Coal face dentistry: the three-tiered system
 

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Coal face dentistry: the three-tiered system

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Coal face dentistry: the three-tiered system

 

Coal face dentistry: the three-tiered system

A cherry on top, with mushrooms on the bottom and sandwiched between are the chocolate fillings you just don’t know whats in them until you’ve tasted them, says Richard Pilkington, talking about NHS dentistry:

NHS dentistry is a three-tiered system just like NHS medicine. I can make such a statement as I’ve worked in both systems. During my time as a medical houseman, the house officers used to call ourselves mushrooms. Why? Because we were always kept in the dark and always in the manure. As a general dental practitioner working in NHS dentistry, times are not a changin’ (sorry Bob Dylan) but appear to be full of hidden agendas and at present making us feel a bit of a mushroom.

Three-tiered system
The DoH/Government is the cherry on the top tier. What any Government will not admit is that they are unable to afford to provide such a system. Although Tony has pledged that everyone will receive it. But regardless of the spin, people now vote with their feet and any Government cannot be seen to be axing a part of a service that makes up part of the backbone of the UK. So what do the educated civil servants do, you go back in history and reinvent the wheel. It appears that they must have gained inspiration from:

Caius Petronius 66 AD
‘We trained hard, but it seemed that every time we were beginning to form up into teams, we would be reorganised. I was to learn later in life that we tend to meet any new situation by reorganising, and a wonderful method it can be for creating the illusion of progress, while producing confusion, inefficiency and demoralisation.’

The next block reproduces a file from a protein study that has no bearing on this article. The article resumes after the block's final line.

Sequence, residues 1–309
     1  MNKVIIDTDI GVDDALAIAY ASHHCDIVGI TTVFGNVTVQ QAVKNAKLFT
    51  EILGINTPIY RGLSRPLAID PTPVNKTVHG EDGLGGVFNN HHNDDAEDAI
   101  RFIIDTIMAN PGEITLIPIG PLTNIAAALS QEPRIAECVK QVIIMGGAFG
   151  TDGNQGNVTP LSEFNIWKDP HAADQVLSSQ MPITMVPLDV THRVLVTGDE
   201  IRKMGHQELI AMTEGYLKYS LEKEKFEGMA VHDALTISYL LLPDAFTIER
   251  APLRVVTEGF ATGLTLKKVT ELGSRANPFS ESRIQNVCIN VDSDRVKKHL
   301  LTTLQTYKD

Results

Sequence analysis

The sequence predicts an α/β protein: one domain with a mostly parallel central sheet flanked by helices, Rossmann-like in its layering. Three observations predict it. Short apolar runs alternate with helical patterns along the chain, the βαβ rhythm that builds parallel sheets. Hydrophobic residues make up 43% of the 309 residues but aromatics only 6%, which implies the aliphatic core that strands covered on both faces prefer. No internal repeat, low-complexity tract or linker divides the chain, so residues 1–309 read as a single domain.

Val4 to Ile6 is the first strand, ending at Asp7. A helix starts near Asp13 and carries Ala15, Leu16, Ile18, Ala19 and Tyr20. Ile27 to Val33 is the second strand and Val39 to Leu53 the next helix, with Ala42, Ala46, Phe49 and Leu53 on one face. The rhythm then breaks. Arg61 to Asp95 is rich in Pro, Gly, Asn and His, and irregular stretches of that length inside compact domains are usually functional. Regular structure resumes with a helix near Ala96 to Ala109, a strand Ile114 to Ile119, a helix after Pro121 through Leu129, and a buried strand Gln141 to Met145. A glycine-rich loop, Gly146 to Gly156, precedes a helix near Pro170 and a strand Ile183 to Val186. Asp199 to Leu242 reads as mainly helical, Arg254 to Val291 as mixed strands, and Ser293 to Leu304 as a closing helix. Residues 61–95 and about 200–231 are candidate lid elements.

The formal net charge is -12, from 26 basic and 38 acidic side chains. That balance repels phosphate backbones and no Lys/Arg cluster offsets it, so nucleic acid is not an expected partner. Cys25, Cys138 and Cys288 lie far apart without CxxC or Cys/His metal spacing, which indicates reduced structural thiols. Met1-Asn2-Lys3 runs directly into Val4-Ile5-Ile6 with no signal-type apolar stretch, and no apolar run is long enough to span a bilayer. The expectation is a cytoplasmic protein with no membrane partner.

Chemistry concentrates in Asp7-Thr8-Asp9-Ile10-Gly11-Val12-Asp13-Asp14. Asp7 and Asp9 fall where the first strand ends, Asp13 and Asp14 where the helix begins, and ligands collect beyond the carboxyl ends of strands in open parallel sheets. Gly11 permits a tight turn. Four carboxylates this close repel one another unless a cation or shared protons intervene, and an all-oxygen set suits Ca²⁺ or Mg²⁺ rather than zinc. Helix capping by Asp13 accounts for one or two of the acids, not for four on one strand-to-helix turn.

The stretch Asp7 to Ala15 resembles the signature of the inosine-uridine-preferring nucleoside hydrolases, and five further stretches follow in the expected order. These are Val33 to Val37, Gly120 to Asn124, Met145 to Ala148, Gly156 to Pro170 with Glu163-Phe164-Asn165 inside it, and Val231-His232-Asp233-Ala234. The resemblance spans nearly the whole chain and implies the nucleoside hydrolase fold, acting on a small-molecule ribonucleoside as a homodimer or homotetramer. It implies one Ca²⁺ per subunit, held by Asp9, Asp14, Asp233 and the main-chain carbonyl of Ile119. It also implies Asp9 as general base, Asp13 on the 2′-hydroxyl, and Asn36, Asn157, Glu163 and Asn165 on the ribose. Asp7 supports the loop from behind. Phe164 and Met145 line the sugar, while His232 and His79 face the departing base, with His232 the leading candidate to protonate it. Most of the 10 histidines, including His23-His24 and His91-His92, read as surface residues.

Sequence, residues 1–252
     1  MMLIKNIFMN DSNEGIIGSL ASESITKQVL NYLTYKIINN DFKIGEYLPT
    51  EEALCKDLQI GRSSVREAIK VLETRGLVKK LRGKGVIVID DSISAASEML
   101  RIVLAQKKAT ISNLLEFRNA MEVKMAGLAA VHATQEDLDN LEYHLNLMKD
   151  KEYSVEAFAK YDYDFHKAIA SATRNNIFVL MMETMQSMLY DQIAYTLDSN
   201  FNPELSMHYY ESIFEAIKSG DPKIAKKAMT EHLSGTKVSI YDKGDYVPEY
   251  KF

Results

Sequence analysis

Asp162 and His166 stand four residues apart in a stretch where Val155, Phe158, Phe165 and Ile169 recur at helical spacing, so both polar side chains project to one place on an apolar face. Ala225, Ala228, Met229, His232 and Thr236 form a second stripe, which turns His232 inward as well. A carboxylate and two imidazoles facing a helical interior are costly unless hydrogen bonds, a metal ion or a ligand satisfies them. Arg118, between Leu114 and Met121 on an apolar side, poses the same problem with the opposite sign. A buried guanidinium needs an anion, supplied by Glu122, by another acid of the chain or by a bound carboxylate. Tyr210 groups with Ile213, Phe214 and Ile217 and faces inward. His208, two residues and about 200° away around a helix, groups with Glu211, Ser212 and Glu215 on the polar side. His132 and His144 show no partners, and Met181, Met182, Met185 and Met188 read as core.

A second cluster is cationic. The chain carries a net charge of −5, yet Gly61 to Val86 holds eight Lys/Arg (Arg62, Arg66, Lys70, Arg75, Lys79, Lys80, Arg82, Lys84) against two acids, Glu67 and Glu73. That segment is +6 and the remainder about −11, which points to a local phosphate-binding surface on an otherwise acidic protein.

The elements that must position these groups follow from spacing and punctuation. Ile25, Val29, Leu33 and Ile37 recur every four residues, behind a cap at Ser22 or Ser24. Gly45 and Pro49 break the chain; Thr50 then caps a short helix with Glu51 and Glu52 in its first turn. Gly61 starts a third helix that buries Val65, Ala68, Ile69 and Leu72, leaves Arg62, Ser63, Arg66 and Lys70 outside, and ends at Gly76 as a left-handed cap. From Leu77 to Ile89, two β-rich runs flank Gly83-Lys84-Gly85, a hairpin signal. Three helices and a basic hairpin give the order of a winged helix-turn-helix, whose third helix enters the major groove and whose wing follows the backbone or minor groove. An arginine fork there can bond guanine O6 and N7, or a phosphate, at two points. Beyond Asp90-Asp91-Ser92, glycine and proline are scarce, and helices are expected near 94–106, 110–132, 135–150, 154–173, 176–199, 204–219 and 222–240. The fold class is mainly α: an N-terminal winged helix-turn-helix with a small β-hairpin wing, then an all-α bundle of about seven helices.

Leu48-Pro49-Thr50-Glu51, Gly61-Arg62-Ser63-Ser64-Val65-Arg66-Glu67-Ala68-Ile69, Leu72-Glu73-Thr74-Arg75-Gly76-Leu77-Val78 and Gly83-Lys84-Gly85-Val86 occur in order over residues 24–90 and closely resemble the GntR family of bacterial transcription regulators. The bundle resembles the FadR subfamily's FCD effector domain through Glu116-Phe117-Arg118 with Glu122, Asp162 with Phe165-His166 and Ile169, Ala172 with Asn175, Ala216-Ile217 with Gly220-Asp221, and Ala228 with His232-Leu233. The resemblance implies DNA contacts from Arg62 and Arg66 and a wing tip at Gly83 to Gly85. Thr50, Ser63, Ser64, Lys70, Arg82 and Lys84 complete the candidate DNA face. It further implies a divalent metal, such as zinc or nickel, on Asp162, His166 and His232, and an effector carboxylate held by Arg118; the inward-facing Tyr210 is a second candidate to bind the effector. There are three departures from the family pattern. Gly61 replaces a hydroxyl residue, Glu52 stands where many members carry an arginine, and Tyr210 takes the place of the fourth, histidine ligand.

So it appears that the DoH has now created a middle tier (TPCT) to reorganise NHS dentistry and let them sort it out at regional level.

Trojan horses and organ grinders
The TPCT are now the middle tier, now with the huge task of trying to deliver NHS dentistry on a regional level. They have the tug of war relationship between the Government /DoH on one side and the dentist/performer on the other. So what’s happening on their agenda?
They have a limited pot of money, so once the quota is filled, no more GDPs are allowed to sign up to PDS. The GDS contract is being squeezed and looking even more unattractive, so more heavy weight leaning to push the GDP into private practice.
So what about the GDPs staying committed to NHS dentistry? Well as we’ve become a country of league tables, will your TPCT be the Vauxhall Conference one star or the five star Macdonalds ‘employee’ of the month performer. But on a serious point, the DoH has given the TPCT a limited pot of cash and now the TPCT has got to try and deliver a service with it. The TPCT agenda which the public eye and DoH will be looking at are the amount of registrations, patient access and money in (patient charges) to keep the TPCT afloat.

Treadmill = productivity of UDA’S = What are you worth?
As mentioned in a previous article, they’ll be subjecting the GDP’S to the Hawthorne effect. The so called treadmill will reinvent itself with the GDP delivering UDAs (units of dental activity) which justifies the practice value. It was only last week on the BBC news that the TPCT in one remote Scottish area was already complaining of paying a general medical practitioner a six figure sum.
Although the medical practitioner was delivering a service of out of hours and in a large remote area one of the local TPCT managers thought this was public money wastage! Will the general dental practitioner become the next expensive commodity? If we are the next ones for the chop will the therapist be up for it at a reduced rate?

Debt collector